Judge dismisses ex-ODU prof's discrimination suit, similar case pending before another judge
(The Washington Post, July 17, 2013)
A lawsuit alleging Old Dominion University discriminated against a former professor has been dismissed.
Patricia Hentosh's lawsuit alleged that she was denied tenure because she is white. The lawsuit said that the university retaliated against Hentosh for complaining about an Asian American colleague.
U.S. District Senior Judge Robert Doumar said in his ruling that Hentosh was denied tenure because she failed to meet ODU's standards. Doumar also said that Hentosh failed to produce sufficient evidence of retaliation.
Doumar granted the university's motion for summary judgment on Friday.
A similar lawsuit is pending before another federal judge.
Hentosh's attorney, Raymond Hogge, tells The Roanoke Times (http://bit.ly/17jMrhb ) that the other lawsuit involves broader issues concerning how ODU treats white employees relative to other employees. (More)
Black students, alumni meet over Trayvon Martin case
(The Virginian-Pilot, July 18, 2013)
Black students challenged one another Wednesday night to channel their anger over the acquittal of Trayvon Martin's killer into self-help, solidarity and candid talk about race.
About 150 students and alumni turned out for a town hall meeting at Old Dominion University's Webb Center.
It was organized by the ODU National Pan-Hellenic Council in response to last weekend's not-guilty verdict in the shooting death of the unarmed Florida teenager.
A series of speakers urged the crowd to turn their dismay over the verdict into a proactive focus on education, community service and racial pride.
"I am proud of those who are angry. I am proud of those who are hurt. I am proud even of those who are hopeless," said Chelsea Vicente of Minds About Progress, a campus group focused on uplifting and empowering students of African descent. "They are awoken.
"Their eyes have been opened."
Now it is up to college-educated black people to turn that awareness in a positive direction, she said.
"We need to start talking about race more candidly," Vicente said. "Get it out of your system. Use it as therapy. ... It's OK to be angry. Let's talk about it." (More)
ODU students look past Zimmerman case
(WAVY-TV, July 17, 2013)
Old Dominion University students are asking people to look past the George Zimmerman not-guilty verdict and look towards the future.
In a campus meeting Wednesday evening, students focused on this question: "Where do we go from here?"
ODU's Chapter of the National Pan-Hellenic Council organized the event. The purpose was to bring the community together in a peaceful manner to discuss what steps can be met in the community to prevent a similar tragedy from happening again.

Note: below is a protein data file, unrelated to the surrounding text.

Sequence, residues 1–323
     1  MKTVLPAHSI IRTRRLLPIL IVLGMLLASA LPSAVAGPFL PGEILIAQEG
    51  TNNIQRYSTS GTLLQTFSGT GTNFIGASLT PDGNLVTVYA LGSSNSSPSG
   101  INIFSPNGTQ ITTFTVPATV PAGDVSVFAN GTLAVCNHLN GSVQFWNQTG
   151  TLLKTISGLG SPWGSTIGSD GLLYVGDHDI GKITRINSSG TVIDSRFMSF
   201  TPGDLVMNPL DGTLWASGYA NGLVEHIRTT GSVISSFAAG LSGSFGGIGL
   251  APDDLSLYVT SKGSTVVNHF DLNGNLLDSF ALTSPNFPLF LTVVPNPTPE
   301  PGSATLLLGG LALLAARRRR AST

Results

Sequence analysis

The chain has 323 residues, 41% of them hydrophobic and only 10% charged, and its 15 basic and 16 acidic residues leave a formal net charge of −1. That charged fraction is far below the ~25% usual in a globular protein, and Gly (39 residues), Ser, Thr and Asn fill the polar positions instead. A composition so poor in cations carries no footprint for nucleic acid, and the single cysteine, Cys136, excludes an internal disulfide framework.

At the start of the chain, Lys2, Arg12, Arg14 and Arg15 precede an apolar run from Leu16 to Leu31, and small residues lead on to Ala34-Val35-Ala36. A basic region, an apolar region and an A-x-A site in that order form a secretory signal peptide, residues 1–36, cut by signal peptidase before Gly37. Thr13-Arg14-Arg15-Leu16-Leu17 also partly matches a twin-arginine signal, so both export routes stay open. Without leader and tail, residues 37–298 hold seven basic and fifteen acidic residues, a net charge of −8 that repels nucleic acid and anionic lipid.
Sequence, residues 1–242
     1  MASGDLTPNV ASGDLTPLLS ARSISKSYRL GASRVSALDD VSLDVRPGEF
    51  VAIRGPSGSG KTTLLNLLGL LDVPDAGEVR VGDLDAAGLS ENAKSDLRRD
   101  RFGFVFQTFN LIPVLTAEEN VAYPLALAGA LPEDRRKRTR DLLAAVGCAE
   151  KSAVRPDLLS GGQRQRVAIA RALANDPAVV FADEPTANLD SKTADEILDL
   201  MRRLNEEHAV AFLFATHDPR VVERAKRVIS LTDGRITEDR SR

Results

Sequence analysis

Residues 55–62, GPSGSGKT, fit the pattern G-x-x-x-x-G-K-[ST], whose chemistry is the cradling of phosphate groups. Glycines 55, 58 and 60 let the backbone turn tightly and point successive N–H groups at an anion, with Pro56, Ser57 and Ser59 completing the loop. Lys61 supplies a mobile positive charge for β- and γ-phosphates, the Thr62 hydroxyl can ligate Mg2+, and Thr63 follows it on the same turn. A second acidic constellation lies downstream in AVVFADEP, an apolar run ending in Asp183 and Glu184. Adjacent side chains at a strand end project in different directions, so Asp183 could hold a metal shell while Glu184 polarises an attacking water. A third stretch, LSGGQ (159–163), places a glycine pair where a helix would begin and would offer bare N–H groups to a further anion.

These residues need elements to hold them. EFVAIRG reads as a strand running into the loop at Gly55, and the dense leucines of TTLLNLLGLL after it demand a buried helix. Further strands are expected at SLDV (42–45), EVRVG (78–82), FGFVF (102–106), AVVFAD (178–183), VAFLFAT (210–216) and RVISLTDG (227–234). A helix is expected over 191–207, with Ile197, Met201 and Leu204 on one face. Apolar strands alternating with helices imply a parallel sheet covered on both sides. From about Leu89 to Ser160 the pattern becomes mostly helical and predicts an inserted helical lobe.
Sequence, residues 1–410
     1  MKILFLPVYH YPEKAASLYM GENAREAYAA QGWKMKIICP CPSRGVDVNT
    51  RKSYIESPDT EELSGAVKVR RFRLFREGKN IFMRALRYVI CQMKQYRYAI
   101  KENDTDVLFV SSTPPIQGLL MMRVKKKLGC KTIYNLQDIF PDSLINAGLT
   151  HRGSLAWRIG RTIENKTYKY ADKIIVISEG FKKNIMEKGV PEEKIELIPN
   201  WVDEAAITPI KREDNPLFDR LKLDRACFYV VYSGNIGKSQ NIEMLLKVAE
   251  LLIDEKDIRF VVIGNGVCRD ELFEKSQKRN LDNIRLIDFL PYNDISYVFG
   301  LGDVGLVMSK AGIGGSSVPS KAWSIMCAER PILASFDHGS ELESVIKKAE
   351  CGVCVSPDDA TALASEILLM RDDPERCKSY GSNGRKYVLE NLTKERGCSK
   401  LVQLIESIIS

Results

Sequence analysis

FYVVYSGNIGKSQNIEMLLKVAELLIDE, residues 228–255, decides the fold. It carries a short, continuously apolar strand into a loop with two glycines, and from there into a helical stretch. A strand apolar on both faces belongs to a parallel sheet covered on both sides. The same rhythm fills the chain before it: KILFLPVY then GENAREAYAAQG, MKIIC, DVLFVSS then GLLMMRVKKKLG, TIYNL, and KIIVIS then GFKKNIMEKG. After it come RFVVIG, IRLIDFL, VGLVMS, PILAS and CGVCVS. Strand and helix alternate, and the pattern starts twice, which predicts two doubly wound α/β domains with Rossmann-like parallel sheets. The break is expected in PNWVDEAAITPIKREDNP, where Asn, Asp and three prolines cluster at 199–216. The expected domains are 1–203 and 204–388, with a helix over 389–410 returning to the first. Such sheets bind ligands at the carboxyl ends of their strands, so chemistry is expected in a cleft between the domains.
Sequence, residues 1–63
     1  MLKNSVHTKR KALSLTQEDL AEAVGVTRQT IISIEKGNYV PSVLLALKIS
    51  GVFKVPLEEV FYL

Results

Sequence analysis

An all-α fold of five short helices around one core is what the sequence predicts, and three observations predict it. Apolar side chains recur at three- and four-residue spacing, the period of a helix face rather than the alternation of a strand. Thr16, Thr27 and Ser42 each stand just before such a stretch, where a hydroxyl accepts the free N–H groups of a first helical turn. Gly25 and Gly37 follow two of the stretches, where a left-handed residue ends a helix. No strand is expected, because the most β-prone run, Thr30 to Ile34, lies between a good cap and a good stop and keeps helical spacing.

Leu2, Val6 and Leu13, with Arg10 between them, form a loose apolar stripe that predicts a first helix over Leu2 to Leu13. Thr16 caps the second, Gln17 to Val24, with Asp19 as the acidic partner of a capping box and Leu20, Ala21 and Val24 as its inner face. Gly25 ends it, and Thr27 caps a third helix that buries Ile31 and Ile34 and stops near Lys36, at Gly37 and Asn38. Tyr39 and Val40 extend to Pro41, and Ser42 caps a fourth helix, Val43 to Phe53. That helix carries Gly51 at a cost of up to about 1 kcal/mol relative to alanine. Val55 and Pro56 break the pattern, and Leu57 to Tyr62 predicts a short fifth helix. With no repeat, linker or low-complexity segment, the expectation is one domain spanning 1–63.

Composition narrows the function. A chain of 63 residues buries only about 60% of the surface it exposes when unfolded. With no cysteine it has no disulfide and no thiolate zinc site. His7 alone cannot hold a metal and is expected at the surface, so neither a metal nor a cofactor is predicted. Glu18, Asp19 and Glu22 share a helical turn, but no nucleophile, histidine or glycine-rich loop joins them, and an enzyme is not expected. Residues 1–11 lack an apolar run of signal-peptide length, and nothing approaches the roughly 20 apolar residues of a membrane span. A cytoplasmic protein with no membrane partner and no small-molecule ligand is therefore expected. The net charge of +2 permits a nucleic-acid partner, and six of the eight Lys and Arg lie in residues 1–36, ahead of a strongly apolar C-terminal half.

"What more can I do in the community?" asked senior Christina Kanu. "What haven't I been doing that maybe I can change?"
In a complicated world, ODU students have an easy solution.
"It's a really easy answer," said one student. "We have to change ourselves first."
The Trayvon Martin case hit home for these students, many just a couple years older then he was at the time of his death.
"It's really about supporting one another," said one speaker. "It's really about going inside, changing hate and just out putting love." (More)
Colleges try to verify online attendance
(USA Today, July 17, 2013)
Colleges are ramping up strategies to ensure that the student who gets the grade for taking an online course is the same person who does the homework and completes the exams.
The impetus is a federal law, passed in 2008, requiring colleges that are eligible for federal student aid for online programs to take steps to discourage financial aid and academic fraud. Federal regulations require students to have secure log-ins and passwords for online course offerings, but industry experts expect more stringent standards to come.
"We don't know when and how, but they're probably going to tighten up," says David Richardson, CEO of Louisville-based Learning House, founded in 2001 to help schools develop online degree programs and courses. ...
Not all options are high-tech. Learners taking courses offered by EdX, a non-profit provider of online classes, have two options: They can take a proctored exam at a test center and they can agree to abide by an honor code.
Shana Pribesh, an education professor at Old Dominion University in Norfolk, Va., allows students to resubmit work until they reach mastery. "If students know that they can try and try again, then the incentive to cheat is diminished," she says. "The approach I advocate is to make a course that is ... fun." (More)
HU, ODU students building solar-powered home for international competition
(The Daily Press, July 17, 2013)
Imagine a home entirely powered by the sun. It's efficient with a centralized, tablet-based control system that allows the owners to visualize and plan their home's energy use. Its design is simple with modern features for comfort and utility. And its layout can adapt to the lifestyle of the young and the old.